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Moma, Shamans & Cliff Coffins - The Mysteries Of North Luzon
Phil Hopkins, Arts & Travel Editor
Views to die for in Batad
This week we are running a series of features on the Philippines. Our theatre and travel man, Phil Hopkins, has been on an amazing three-week adventure to the other side of the world, and here recounts his journey to this country of more than 7,000 islands. Today it is the turn of Banaue and the areas of North Luzon.

When you are in North Luzon - home to some of the most spectacular rice terraces in the world at Banaue - the last thing you do is scrape away your excess lunch into the bin for in this part of the Philippines, rice is considered the sweat and blood of the land and your actions would be an insult to those who farmed it.

Rice as far as the eye can see!
Equally when the local shaman weaves his magic and summons up the spirits of his dead ancestors to ensure your safe journey home, somehow it would seem inappropriate to say anything less than 'hanaman', the ultimate thank you in local tribal lingo!

Perhaps it is these two examples that best sum up the Philippines, this country of contrasts.

Further south there is the chaos of Manila where you can sample the culture of historic Intramuros or a two-mile car journey that can take an hour, whilst in North Luzon - five hours north of the capital by car - there is the dual culture of rural Catholicism interspersed with the old ways of Ifugao tribal culture.

And that is the area's fascination.

Tiny Sagada is like a Southeast Asian backpacker mecca - not unlike the border town between Kathmandu in Nepal, and China - full of hiking trails and adrenalin-pumping adventure in the depths of its caves.

Sagada main street and its environs!
Often described as the Shangri-La of the North, it is one of those places that seems to have everything behind its shanty exterior, where large vehicles vie for supremacy on the narrow, extended high street, and large coaches stake their claim by squeezing down main street like an overly plump, middle aged man trying to slip into his teenage jodhpurs!

We are decanted into a two bedroom boarding house on a steep hillside, and our bandana clad guide, Mark Gaston, ensures we are all settled before inviting us to partake of the ultimate fruit smoothie at one of the high street's myriad of backpacker restaurants.

Our fascinating guide in Sagada and Banue, Mark Gaston left
He's a fascinating character, his family's eldest son and a member the Tuwali tribe, one of three to be found in the Ifugao Province including the Ayangans and the Kalanguya.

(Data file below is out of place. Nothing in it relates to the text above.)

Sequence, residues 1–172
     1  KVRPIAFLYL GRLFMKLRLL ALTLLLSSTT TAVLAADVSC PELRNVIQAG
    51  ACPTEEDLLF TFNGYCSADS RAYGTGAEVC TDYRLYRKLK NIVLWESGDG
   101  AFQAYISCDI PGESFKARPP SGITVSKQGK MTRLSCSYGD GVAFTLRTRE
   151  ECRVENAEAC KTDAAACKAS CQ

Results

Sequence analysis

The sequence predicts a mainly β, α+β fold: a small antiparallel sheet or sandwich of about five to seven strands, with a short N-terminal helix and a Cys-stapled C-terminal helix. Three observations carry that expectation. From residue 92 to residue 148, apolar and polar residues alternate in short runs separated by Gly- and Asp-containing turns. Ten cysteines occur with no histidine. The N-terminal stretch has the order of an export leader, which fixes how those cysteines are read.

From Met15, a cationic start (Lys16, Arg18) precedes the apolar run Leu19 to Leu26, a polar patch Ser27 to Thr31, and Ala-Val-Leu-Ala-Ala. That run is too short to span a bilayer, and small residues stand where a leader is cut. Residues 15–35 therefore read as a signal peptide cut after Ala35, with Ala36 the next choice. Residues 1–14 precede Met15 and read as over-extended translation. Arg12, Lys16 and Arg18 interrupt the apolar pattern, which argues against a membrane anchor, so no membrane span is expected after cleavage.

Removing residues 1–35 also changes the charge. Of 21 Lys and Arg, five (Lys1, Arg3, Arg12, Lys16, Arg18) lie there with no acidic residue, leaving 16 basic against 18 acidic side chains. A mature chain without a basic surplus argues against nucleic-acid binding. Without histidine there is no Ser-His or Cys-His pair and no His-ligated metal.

"We were originally head-hunters but all that ended in the 1960's," he says. I breathe a sigh of relief! Nevertheless, many of the tribal traditions continue to this day. Grandfather was still the tribe's shaman and there was a village celebration the following day to mark the birth of a new child into the extended family. Would we like to attend? Of course, what an opportunity!

First there were two amazing sights to take in, the Sumaging Cave and the hanging coffins of Echo Valley.

The amazing Sumaging Cave
Sumaging is the most popular of Sagada's caves with its immense chambers and amazing rock formations, with such fanciful names as 'the King's curtain' or 'the Cauliflower'. One of our three guides, each carrying a paraffin lamp to light the way, grins and points to another formation. "Look," he says, "it is a woman giving birth!". Everyone poses for a photo!

The caves are spectacular and, if I were a guessing man, entry would simply not be allowed if they were in the UK. They house bats, have rock formations to die for and offer a wet, slippery, caving experience rarely to be seen or enjoyed anywhere in the developed world, without a plethora of permits, harnesses and health and safety clearances!

Not far from the caves you can take in one of Sagada's most popular attractions, the hanging coffins of Echo Valley.

The hanging coffins of Echo Valley, Sagada
Some are centuries old, some relatively modern, but all have one thing in common; they are mounted high up on the side of a sheer rock face leaving you wondering how on earth they got there in the first place!

It's a short half hour trek to reach the coffins via the overgrown trail which starts at the rear of St Mary's Episcopal church, and runs alongside the Sagada cemetery. Whilst a guide is always recommended, it is difficult to get lost at the height of summer, simply follow the hordes of people making their way down to the Echo Valley Lookout or coffin viewing area!

Interestingly there are a couple of wooden chairs attached to the rock face alongside the coffins, said to be the original funereal chairs that some bodies were strapped to as part of a traditional burial; a seasoned guide grins: "For the visiting spirits to rest on!" he says and moves on.

Mark Gaston is a fascinating chap, seeming to know everyone, everywhere we went! And if it was Liza Minnelli that originally urged her audience to 'don't tell Mama' when she appeared in the hit musical Cabaret, then surely it is local officials in Sagada that now urge people not to 'Spit Moma!"